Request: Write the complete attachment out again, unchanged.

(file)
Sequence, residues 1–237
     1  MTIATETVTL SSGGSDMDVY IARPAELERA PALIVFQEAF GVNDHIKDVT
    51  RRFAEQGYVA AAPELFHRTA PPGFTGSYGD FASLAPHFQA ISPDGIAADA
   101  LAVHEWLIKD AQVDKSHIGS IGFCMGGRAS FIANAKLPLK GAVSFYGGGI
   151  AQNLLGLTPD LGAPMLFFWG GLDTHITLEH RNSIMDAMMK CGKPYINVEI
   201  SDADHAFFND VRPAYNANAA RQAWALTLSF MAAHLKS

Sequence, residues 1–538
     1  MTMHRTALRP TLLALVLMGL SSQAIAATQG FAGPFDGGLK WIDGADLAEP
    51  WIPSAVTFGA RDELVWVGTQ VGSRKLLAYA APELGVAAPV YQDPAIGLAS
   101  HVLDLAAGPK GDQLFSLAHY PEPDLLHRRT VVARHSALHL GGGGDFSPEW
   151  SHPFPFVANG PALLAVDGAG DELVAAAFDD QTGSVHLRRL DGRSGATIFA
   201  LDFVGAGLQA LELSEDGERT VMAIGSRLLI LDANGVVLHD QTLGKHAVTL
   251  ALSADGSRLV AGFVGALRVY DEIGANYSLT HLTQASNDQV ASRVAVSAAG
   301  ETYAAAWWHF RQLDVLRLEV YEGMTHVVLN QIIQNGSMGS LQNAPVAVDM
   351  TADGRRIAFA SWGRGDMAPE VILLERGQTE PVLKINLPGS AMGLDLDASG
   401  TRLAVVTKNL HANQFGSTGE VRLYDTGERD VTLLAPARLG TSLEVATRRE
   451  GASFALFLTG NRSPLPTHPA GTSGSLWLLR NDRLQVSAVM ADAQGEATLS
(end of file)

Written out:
Sequence, residues 1–237
     1  MTIATETVTL SSGGSDMDVY IARPAELERA PALIVFQEAF GVNDHIKDVT
    51  RRFAEQGYVA AAPELFHRTA PPGFTGSYGD FASLAPHFQA ISPDGIAADA
   101  LAVHEWLIKD AQVDKSHIGS IGFCMGGRAS FIANAKLPLK GAVSFYGGGI
   151  AQNLLGLTPD LGAPMLFFWG GLDTHITLEH RNSIMDAMMK CGKPYINVEI
   201  SDADHAFFND VRPAYNANAA RQAWALTLSF MAAHLKS

Sequence, residues 1–538
     1  MTMHRTALRP TLLALVLMGL SSQAIAATQG FAGPFDGGLK WIDGADLAEP
    51  WIPSAVTFGA RDELVWVGTQ VGSRKLLAYA APELGVAAPV YQDPAIGLAS
   101  HVLDLAAGPK GDQLFSLAHY PEPDLLHRRT VVARHSALHL GGGGDFSPEW
   151  SHPFPFVANG PALLAVDGAG DELVAAAFDD QTGSVHLRRL DGRSGATIFA
   201  LDFVGAGLQA LELSEDGERT VMAIGSRLLI LDANGVVLHD QTLGKHAVTL
   251  ALSADGSRLV AGFVGALRVY DEIGANYSLT HLTQASNDQV ASRVAVSAAG
   301  ETYAAAWWHF RQLDVLRLEV YEGMTHVVLN QIIQNGSMGS LQNAPVAVDM
   351  TADGRRIAFA SWGRGDMAPE VILLERGQTE PVLKINLPGS AMGLDLDASG
   401  TRLAVVTKNL HANQFGSTGE VRLYDTGERD VTLLAPARLG TSLEVATRRE
   451  GASFALFLTG NRSPLPTHPA GTSGSLWLLR NDRLQVSAVM ADAQGEATLS